Oh! No translator did anything to this book. Gary first wrote it in English and then made a French version.
As Emma says below – it is the same book, but rewritten in French about 5 years later by the author himself. The French edition of it is much easier to find than the English one.
I’m happy you enjoyed it, it’s a wonderful mix of social commentary, romance, adventure and general thoughts about life.
Gary was a diplomat in Switzerland and was bored during that time. I suspect that Jess’s father is based upon his experience. Of course after being a diplomat in Sofia when the Communists took power, lots of positions much have felt tame.
For a French who has lived through WWII, what Trudy does is a big No No.
I imagine that Jess and Jean Seberg have something in common, too. (Willing to change the world with a weird crowd around her)
He had a great political sense and a good understanding of youth. (Maybe having a much younger wife helped!)
As a daughter of a diplomat who was often disenchanted with his country’s policy, I can totally relate to that. I really do think I was the perfect target audience for this book! And yes… I can’t help feeling the Swiss would have made even better Germans than the Germans, if you know what I mean… Satire with empathy, though, I loved that.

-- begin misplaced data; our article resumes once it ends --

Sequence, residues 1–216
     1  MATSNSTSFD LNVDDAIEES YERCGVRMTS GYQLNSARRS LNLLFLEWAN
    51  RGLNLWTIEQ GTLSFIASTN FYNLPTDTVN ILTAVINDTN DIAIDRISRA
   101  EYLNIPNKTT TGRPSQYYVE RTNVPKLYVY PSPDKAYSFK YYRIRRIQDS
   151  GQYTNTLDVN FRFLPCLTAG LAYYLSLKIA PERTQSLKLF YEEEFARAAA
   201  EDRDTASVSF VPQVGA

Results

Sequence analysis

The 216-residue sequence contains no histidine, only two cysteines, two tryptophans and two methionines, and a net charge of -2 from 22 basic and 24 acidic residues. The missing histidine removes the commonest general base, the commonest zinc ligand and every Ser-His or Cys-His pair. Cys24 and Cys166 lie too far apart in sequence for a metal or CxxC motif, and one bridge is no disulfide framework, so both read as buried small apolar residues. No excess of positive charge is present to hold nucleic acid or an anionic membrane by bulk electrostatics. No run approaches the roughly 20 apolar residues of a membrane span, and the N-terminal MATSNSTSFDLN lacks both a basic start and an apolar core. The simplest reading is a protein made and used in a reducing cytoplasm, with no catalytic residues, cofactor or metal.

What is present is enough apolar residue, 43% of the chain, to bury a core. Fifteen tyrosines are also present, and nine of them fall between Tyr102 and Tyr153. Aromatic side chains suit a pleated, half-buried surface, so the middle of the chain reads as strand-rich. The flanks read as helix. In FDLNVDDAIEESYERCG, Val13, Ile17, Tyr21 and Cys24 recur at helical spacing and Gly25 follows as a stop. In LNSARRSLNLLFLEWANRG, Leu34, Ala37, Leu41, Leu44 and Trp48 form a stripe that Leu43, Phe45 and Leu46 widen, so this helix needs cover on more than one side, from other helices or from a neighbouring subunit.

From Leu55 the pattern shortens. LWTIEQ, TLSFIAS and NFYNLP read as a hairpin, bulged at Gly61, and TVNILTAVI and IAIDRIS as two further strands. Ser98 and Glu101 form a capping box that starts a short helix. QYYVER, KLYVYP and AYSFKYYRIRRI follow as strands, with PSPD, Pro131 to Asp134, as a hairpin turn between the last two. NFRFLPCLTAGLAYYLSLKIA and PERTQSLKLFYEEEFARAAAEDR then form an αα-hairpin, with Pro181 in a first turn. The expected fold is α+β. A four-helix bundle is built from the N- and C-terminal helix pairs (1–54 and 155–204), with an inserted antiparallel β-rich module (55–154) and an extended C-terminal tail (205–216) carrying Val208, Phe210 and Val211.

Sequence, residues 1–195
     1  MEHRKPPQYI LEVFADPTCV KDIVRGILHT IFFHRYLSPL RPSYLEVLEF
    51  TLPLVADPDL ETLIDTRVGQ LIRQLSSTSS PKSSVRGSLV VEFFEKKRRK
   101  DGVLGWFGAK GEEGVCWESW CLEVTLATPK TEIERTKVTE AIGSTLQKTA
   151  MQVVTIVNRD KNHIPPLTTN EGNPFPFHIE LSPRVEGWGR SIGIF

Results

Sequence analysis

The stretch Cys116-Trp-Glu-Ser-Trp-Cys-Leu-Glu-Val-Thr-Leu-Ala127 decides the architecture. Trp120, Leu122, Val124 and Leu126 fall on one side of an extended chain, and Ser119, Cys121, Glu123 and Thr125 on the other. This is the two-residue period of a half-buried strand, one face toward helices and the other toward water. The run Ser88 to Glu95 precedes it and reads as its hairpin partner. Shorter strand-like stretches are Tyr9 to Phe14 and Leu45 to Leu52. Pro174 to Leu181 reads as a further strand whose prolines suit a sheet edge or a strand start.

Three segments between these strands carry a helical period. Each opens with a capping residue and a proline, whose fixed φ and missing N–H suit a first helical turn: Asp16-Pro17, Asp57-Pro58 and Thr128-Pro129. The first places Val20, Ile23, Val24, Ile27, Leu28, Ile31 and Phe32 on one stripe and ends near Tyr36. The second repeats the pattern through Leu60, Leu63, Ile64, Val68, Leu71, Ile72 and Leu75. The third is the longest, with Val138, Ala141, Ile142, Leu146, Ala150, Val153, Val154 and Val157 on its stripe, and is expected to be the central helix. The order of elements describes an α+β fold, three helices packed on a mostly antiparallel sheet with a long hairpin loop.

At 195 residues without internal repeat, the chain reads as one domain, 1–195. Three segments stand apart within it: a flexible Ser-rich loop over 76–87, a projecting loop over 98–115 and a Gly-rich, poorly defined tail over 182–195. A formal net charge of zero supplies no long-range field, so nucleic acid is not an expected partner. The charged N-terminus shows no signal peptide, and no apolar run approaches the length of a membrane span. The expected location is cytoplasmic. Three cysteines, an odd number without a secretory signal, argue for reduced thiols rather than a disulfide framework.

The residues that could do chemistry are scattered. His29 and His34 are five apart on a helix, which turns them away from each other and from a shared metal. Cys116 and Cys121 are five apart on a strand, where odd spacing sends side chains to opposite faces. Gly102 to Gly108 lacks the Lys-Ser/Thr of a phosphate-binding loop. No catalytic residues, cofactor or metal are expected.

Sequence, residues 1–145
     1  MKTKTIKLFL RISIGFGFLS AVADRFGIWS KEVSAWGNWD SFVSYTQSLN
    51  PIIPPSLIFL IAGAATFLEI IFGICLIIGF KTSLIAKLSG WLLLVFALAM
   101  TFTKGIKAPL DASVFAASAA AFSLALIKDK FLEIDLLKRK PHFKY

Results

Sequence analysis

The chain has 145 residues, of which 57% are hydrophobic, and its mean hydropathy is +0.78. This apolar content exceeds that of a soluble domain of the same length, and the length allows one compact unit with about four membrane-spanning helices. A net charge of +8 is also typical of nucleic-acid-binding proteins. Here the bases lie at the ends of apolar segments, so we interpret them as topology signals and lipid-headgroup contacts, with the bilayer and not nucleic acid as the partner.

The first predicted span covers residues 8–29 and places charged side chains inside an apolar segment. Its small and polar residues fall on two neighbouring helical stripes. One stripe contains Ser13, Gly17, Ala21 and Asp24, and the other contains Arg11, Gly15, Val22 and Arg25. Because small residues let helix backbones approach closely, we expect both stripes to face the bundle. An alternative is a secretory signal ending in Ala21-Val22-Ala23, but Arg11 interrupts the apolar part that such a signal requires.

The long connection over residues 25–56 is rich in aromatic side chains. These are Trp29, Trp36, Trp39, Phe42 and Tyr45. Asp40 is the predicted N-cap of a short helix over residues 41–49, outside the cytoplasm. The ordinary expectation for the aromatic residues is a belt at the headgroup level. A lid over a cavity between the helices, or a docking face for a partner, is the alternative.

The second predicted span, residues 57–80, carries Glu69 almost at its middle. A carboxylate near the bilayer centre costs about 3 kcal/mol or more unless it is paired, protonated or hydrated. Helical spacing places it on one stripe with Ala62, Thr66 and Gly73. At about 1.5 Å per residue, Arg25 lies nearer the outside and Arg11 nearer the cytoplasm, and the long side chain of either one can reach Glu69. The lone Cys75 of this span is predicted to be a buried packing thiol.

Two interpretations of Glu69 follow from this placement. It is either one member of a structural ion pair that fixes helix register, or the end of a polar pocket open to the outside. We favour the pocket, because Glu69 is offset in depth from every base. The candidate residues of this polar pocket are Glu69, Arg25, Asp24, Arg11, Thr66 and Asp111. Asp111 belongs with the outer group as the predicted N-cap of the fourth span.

I didn’t know that there was such a thing as #FrenchFebruary!
Now, can I find a short book that I can read in time to contribute?
Off to search the TBR shelves…
Voilà! Guy de Maupassant’s Butterball (‘Boule de suif’) https://anzlitlovers.com/2023/02/22/butterball-1880-boule-de-suif-by-guy-de-maupassant-translated-by-andrew-brown/
Thank you (and Emma) for reminding me I need to read more Romain Gary instead of just resting on the 2-3 books I have read many many times too long ago!
Sadly I can’t read the French version but you have encouraged me to finally get The Ski Bum out of the TBR pile!
You had it in English? I understand it’s quite a rare sighting out in the wild! Can’t wait to hear what you think about it.
Ooh, I had no idea! Yes, it’s buried in the TBR somewhere…
I like the idea of the Apres Ski, not so much the throwing myself down the side of a mountain part.
But you can apres-ski anywhere, and not pay exorbitant sums to be in a mountain resort!
My reading of Gary has stalled for the moment – and not just because his books are so hard to come by in English – but it’s always a pleasure to read about him. (I also didn’t know these were the same book!)